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Is it possible to say "strange" instead of "unusual"?

It's not unusual for people to want to travel. or It's not strange for people to want to travel.

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    Yeah, you definitely can. – MadWard Jun 10 '16 at 12:23
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    You may...but mind it, 'strange' is not always equal to 'unusual'! – Maulik V Jun 10 '16 at 12:32
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    It's not unusual. – Em. Jun 10 '16 at 12:37
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Sure, it's possible. There is plenty of overlap between the two words that you can often substitute one for the other.

However, some caveats may apply. For example, consider your two sentences about traveling:

It's not unusual for people to want to travel.
It's not strange for people to want to travel.

How would we talk about those folks who don't like to travel?

It's unusual for people to not want to travel.
It's strange for people to not want to travel.

Both of these sentences would imply that most people enjoy traveling, and want to do so. But the second sentence might cause a homebody to be more offended. It's one thing to say that someone's interests are uncommon (which is what "unusual" might mean), but another to say their preferences are bizarre (which is how "strange" could be interpreted).

In short, I think unusual is a "softer" term, less likely to offend or cause people to bristle. That said, "strange" isn't always insulting, either. Sometimes it's regarded as quaint.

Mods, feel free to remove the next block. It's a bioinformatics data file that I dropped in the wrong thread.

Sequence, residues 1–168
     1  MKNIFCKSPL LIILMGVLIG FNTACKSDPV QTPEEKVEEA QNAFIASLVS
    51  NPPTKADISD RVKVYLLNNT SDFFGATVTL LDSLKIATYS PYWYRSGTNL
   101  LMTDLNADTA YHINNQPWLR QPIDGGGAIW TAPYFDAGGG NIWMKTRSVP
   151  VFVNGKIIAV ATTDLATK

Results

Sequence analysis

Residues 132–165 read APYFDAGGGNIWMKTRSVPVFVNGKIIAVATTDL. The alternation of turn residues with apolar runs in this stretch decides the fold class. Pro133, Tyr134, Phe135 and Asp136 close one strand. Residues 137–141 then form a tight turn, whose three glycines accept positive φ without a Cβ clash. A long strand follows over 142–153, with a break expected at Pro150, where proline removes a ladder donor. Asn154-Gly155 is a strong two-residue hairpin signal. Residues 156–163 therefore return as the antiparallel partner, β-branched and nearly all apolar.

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I think you can use 'unusual' to mean 'strange' or you can use 'strange' to mean 'unusual'. These two words are almost synonyms. In the case of meaning of 'unusual' is concerned, it is "not usual or expected"

For example:

It is unusual that Tom is riding a bycycle.

In this example, Tom isn't expected to ride a bycycle. May be he always drives a car. So, it's not usual.

But, the word strange is stronger than 'unusual'. For example:

Tom is dancing lonely at home without music. It's his strange behaviour.

Here, [dancing lonely at home without music] is very unusual behaviour. Tom is showing a strange behaviour. But generally you can interchange them (strange and unusual)

That's why both are correct to use.

It's not unusual for people to want to travel.
or
It's not strange for people to want to travel.

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"Usual" or "unusual" has to do with expectation of habit or repetition.
"Strange" or "familiar" has to do with more of an absolute level of expectation, experience, or value.

Not so long ago, people usually rode horses to work, which would seem strange today.

"Usual" has more a meaning of "often" but does not usually mean "familiar".

I heard that usually happens, but I've never seen it before.

When events are unexpected, "unusual" and "strange" can often be interchanged.

It was unusual to have rain today.
It was strange that it rained today.

He has an unusual habit.
He has a strange habit.

Consider the following pairings

unusually familiar
strangely familiar
unusually strange

are idiomatic meaning something is either "familiar" or "strange" but one is not quite sure of the reason, something like deja vu.

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